The signature theme of the papacy of Pope Francis is the mercy of God. From the very beginning of his papacy, Pope Francis emphasized mercy and compassion. In his first apostolic exhortation, “The Joy of the Gospel”, Pope Francis declared: “The Church must be a place of mercy freely given, where everyone can feel welcomed, loved, forgiven and encouraged to live the good life of the Gospel. As we await the visit of Pope Francis to the United States, I thought of reflecting on the theme of mercy.What is new in Jesus’ message is that he proclaims God’s mercy for all in an ultimate way. Jesus opens up access to God not just for a few righteous people, but for all. There is room for all in God’s kingdom; no one is excluded. God has finally taken back his wrath and has given full scope to his love and mercy. Sinners were Jesus’ addressees in a special way. Unlike the scribes and Pharisees, Jesus does not keep distance from them. He eats and has dinner with them. He is counted as the friend of tax collectors and sinners.
Jesus expounds for us the message of the father’s mercy most beautifully in his parables. In the parable of the Good Samaritan, Jesus tells who my neighbor is. He is not someone at a distance, but rather the one for whom you become the neighbor; the one whom you tangibly encounter and who needs your help in this particular situation. This love is not confined to family bonds, friendship, religious or ethnic membership. This love is gouged according to the concrete suffering and needy person who meets us on the way.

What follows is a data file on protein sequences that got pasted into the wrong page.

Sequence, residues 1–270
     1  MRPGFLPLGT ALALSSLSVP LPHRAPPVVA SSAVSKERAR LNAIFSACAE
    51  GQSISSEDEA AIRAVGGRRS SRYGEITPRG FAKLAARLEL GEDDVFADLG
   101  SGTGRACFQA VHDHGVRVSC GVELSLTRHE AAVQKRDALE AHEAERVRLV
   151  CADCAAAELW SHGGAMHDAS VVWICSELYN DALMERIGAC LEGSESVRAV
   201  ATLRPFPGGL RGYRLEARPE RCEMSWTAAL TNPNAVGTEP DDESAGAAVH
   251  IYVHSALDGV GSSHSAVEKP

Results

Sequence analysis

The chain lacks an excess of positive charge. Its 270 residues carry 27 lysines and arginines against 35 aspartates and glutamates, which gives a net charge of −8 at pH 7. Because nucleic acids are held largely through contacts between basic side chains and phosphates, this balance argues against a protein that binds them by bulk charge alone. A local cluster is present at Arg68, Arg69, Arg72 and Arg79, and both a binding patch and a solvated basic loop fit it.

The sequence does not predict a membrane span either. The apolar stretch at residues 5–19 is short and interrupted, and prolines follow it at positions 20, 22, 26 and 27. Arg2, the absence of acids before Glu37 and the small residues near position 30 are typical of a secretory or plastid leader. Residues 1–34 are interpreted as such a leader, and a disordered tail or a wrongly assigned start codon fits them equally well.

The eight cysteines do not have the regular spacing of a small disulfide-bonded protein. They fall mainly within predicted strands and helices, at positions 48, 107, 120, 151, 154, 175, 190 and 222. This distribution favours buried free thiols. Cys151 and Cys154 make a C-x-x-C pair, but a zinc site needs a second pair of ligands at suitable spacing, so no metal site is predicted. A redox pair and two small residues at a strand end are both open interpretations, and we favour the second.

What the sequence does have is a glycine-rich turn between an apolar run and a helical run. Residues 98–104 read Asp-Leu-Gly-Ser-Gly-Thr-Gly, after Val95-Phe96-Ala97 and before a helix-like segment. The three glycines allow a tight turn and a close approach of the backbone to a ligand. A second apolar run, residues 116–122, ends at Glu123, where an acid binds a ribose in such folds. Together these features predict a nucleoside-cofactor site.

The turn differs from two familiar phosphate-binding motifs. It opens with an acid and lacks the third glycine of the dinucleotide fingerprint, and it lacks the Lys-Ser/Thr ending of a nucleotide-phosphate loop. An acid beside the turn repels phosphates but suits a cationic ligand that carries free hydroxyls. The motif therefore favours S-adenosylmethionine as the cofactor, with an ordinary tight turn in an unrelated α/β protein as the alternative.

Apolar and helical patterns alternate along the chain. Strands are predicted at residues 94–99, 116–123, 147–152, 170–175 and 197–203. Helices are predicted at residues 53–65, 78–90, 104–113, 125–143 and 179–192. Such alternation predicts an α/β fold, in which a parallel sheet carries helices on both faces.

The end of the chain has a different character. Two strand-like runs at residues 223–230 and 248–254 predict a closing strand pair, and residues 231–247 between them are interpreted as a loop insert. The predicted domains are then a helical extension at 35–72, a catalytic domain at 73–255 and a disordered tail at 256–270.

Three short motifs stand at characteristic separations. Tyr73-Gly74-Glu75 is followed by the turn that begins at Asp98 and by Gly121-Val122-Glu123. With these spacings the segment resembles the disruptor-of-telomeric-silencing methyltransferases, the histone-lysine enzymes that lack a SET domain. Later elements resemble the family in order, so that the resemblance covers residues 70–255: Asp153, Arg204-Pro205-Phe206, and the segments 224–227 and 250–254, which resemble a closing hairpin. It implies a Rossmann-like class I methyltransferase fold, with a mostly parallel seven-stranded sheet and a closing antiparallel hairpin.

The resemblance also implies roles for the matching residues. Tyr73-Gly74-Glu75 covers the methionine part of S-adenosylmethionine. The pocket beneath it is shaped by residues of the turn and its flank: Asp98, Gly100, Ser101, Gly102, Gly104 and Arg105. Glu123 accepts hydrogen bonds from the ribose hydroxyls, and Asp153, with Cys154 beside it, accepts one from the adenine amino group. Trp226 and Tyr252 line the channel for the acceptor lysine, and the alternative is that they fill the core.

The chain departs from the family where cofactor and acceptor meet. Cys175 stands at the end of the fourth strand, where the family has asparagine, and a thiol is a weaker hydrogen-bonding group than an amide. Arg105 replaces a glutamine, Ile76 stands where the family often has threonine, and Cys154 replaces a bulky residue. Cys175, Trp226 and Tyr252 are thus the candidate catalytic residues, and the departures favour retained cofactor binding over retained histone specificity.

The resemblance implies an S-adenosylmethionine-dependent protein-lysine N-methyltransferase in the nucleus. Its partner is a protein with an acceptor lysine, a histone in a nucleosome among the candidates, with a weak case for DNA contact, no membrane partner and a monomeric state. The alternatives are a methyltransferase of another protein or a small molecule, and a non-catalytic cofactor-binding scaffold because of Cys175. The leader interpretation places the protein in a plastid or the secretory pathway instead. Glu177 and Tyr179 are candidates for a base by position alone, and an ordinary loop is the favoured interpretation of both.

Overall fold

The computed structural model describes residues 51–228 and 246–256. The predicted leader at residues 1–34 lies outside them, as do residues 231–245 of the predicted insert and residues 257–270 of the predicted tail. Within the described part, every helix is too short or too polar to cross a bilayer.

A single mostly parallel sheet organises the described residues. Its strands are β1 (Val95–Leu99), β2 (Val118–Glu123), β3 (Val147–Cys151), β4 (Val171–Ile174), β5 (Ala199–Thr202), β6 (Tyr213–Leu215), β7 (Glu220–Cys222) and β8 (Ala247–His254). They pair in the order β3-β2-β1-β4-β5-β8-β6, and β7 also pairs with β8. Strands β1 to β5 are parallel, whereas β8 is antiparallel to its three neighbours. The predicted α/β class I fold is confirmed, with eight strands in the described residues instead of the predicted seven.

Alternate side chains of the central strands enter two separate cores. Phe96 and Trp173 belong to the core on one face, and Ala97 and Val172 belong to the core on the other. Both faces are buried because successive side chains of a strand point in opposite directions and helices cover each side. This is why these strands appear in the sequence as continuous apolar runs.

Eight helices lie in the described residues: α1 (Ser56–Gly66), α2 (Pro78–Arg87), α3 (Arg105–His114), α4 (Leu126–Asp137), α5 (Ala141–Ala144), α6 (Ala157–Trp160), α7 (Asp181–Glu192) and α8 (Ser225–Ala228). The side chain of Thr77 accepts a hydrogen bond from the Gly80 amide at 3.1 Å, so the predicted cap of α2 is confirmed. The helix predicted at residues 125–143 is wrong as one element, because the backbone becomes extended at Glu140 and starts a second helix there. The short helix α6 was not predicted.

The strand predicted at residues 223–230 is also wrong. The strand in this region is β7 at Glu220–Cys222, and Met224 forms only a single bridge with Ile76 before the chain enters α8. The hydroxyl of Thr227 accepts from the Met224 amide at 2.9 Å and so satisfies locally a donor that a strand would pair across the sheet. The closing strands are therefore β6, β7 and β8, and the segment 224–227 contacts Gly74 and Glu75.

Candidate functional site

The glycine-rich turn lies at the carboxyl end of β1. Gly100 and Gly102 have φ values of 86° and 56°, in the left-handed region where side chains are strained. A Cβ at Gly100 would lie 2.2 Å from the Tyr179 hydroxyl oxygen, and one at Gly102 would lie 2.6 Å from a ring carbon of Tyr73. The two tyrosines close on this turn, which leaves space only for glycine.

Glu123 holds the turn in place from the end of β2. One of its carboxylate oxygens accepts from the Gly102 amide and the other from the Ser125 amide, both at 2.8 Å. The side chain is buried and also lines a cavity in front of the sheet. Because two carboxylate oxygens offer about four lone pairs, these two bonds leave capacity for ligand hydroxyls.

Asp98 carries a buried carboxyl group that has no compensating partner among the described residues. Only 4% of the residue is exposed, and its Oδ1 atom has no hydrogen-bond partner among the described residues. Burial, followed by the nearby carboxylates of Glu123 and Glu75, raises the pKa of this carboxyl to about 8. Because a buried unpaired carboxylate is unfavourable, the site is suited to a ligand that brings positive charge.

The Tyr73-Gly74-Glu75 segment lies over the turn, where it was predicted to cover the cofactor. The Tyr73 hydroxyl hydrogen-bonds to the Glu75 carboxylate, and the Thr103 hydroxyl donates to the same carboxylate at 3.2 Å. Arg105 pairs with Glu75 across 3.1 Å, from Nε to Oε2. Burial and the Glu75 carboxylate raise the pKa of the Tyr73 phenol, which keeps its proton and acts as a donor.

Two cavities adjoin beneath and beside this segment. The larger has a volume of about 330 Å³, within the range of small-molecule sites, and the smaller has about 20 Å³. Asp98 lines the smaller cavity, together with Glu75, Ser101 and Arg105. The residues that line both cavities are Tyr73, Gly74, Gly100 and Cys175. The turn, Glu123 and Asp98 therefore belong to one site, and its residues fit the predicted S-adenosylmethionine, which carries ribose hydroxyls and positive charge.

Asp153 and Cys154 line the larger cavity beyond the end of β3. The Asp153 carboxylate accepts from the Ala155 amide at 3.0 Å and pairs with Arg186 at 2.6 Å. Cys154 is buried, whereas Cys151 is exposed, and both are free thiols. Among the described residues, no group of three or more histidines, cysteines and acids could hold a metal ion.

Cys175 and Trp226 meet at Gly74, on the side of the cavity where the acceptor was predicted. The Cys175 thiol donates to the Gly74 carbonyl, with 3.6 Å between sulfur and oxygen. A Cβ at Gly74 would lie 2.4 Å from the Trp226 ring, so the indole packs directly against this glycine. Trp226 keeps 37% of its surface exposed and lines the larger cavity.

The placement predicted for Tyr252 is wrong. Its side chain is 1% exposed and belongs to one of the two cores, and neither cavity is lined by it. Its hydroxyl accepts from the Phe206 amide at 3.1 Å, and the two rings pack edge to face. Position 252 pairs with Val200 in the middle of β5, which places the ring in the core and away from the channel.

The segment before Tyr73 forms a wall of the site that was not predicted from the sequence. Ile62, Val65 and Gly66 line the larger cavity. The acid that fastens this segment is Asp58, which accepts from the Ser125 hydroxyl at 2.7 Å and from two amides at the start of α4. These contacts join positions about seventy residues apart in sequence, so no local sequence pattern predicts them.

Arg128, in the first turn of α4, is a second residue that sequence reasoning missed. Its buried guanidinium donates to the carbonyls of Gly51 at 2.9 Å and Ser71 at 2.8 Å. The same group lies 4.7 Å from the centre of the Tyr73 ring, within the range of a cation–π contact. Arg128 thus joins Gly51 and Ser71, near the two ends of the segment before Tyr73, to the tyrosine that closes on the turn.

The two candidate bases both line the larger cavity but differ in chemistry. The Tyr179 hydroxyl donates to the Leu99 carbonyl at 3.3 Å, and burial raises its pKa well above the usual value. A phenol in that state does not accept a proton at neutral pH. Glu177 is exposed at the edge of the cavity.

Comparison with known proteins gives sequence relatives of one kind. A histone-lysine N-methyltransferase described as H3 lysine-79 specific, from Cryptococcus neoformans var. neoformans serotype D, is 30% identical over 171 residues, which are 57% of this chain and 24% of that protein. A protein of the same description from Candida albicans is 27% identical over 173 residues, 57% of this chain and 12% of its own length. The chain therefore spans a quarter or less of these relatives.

Jesus goes one step further in the parable of the prodigal son. Here the drama plays out between the father’s love and the waywardness of the son, who squandered his father’s inheritance through dissolute and debauched living, thereby losing his rights as a son. The father returns to him his rights as a son and acknowledges anew his dignity as a son. The father’s mercy exceeds every anticipated measure. Divine leads human beings to a return to the truth about themselves. God’s mercy does not humiliate the person.
God is the God of mercy. On the cross we witness the ultimate revelation of God’s mercy and compassion. By his mercy we have been rescued from death and reborn to a living hope. For this reason, Paul says, “nothing can separate us from his love, not hardship, or distress, or persecution, or famine, or nakedness, or sword”. In every situation, no matter how hopeless, in life and death, we are accepted, held, and loved by God. As Cardinal Walter Kasper says, love, which is proven in mercy, can and must become the foundation of a new culture of our lives, the church, and for society.
Fr. Jilson George